This semester has been very interesting with my Top 10 U.S. Issues class in the morning and Time Travel in the afternoon.
Top 10 issues topics so far have been:
- Income Inequality – with the Inequality for All (Reich, 2013) film as a discussion starter.
- Poverty, Hunger, Homelessness, Housing . . . – with the film The Line (Midgett, 2012).
- Financial industry & Government – with Inside Job (Ferguson, 2010) film as a starter: How depressing, I was an Obama supporter until I saw who he appointed as financial policy makers and regulators.
Although it is easy to see the interesting topics and the discussions that follow the films, the most important part of the class is the section where we hear about folks implementing solutions to the problems created in those issues. Folks who are housing advocates, food banks operators, etc., give us their perspectives on the impacts that can be made locally. Ken Cross has put together a great class schedule and is an effective facilitator.
In the Time travel class we have looked at three methods of time travel to date. What fun the class is. We saw a time machine travel 800,000 years, a time travel phone booth that could easily hold a dozen or so people as it zipped across 3,000 years or so, and a beta level time machine that was pushed to the extremes of the battery sources available. Can you guess what we saw?
What an adventure. Spent a week in Sac during the 108 degree heat wave preparing for a 10 day trip to the Oregon Coast (aka., 61 degree high) and had no clue what to pack. I ended up packing winter, spring and a day of summer. Wore the spring gear without a windbreaker as we were very lucky that the sun came out for 6 of the 9 days there and we saw 68 degrees most of the days. Golf was fun in the rolling hills on the coast (reminded me of Spy-glass in Monterey). Saw a lot of clam-diggers from the condo balcony and thousands of clam holes in the sand walking on the beach at Siletz Bay.
Had lunch with Jon (of Jan & Jon) at the Inn at Spanish Head where we had a number of happy hour clams during our stay. What a beautiful view. Returned to 93 degrees in Sac with cool 70 degree nights (60 degree low) and “Independence day” where we celebrate not walking down streets with people carrying automatic weapons by blasting off fireworks.
Over the past 13 weeks I have been going to classes on Friday at Sacramento State under the auspices of the Sacramento renaissance society.
My first morning class was Medical Rights and Wrongs and was structured around the progress of medical ethics since 1967. Howard Slyter was the lead and is a retired neurosurgeon along with Kathy Glasmire, his Co-Leader. The Class was fantastic. Howard would start each class with a short presentation and then usually present an ethical dilemma for the class to discuss. We started with the trolley dilemma and ended with the medical dilemmas faced by doctors, hospitals, and court systems when dealing with the very premature babies and brain dead people (both situations happen to be in the news in Sacramento at the time). I don’t think there was one class where there wasn’t very diverse opinions and emotional discussions.
My second class on Fridays was a romantic comedies class led by Chip Zempei. Chip had collected 13 romantic comedies(?) that were often on the very edge of the romantic comedy formula of: boy meets girl, boy loses girl, comedy ensues, boy gets girl back. That class was very fun. We started with Strictly Ballroom (1992) and ended with some shorts that included “Dr. Horrible’s sing along blog,” Valse, Paperman, Head Over Heels, Lava, and Josephine and the Roach. My favorites were “the lunch box” (2013) and the original Japanese version of “shall we dance” (1996). I’m pretty sure I will take any class that Chip offers as he is very passionate about film arts.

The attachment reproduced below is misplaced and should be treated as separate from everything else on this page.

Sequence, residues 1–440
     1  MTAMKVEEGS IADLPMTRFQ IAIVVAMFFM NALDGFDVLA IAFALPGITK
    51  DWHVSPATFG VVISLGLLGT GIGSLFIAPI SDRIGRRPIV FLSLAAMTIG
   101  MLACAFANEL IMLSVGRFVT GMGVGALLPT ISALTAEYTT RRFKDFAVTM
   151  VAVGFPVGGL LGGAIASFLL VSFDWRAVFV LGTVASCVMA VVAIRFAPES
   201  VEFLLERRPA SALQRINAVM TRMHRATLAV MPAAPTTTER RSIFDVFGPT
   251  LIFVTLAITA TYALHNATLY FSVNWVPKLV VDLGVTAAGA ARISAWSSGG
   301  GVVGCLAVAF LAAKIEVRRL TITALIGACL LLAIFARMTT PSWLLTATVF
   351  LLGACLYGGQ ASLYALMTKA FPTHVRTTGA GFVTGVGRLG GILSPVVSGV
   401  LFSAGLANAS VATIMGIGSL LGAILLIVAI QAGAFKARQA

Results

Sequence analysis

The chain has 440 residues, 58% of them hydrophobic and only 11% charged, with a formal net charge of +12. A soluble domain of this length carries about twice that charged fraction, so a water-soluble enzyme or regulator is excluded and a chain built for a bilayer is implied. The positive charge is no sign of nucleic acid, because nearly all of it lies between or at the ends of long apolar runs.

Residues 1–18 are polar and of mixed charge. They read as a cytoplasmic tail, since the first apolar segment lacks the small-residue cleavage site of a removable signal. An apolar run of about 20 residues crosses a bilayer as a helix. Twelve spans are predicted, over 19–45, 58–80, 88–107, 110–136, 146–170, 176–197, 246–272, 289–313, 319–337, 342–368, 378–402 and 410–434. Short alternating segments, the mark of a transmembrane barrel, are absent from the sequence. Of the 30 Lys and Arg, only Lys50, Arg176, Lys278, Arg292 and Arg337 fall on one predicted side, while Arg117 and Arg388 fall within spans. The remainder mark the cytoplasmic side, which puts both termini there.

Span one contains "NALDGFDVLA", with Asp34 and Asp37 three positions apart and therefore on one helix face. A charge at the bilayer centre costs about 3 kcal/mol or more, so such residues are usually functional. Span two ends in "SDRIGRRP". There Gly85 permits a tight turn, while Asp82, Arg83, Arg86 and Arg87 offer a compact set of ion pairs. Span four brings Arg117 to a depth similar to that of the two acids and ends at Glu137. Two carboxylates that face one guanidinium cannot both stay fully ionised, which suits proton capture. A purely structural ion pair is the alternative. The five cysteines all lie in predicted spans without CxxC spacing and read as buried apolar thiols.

I also took a digital photography class on Tuesdays Tuesdays led by Jeff Hendy and Mary J. Henwood where we had lecture/videos/discussion one week and then a field trip to take photographs that we would share. In both cases we would end up having lunch somewhere together. Had lots of fun, learned a little about digital photography, and met quite a few very nice people.
I do plan to continue taking these classes next year as they were fun and I met lots of interesting people.
Most of the leaves on my fruitless mulberry are gone. The compost bin is getting fuller and the temps are down to the 50s in the daytime. Still not much rain but our hopes are high with the projected weather due to the El Nino.
Another gorgeous spring. Lavender is blooming, pollen falling like the lazy frozen mist of winter, and leaves popping up through the dry but misted earth. The last of the oranges and lemons are calling to be picked. The golf courses are screaming welcome with new mown grasses.
Well I haven’t posted since last November. Its July now and it is hot. Almost miss the freezing weather of late fall. Playing a lot of golf at dawn. By the time I’m done with nine holes, it’s between 7:30 and 8 AM and in the mid 60s. Start at dawn and 18 holes are done by 9:30-10:00 when it is in the mid 70s (or low 80s on a really hot day).
Woke up this morning to frost on the grass. Looks like winter is here. All the leaves are starting to turn yellow. Guess I need to make some kitchen wreaths before the grapevines lose their leaves. We have decided to make some rosemary, sage, and savory wreaths.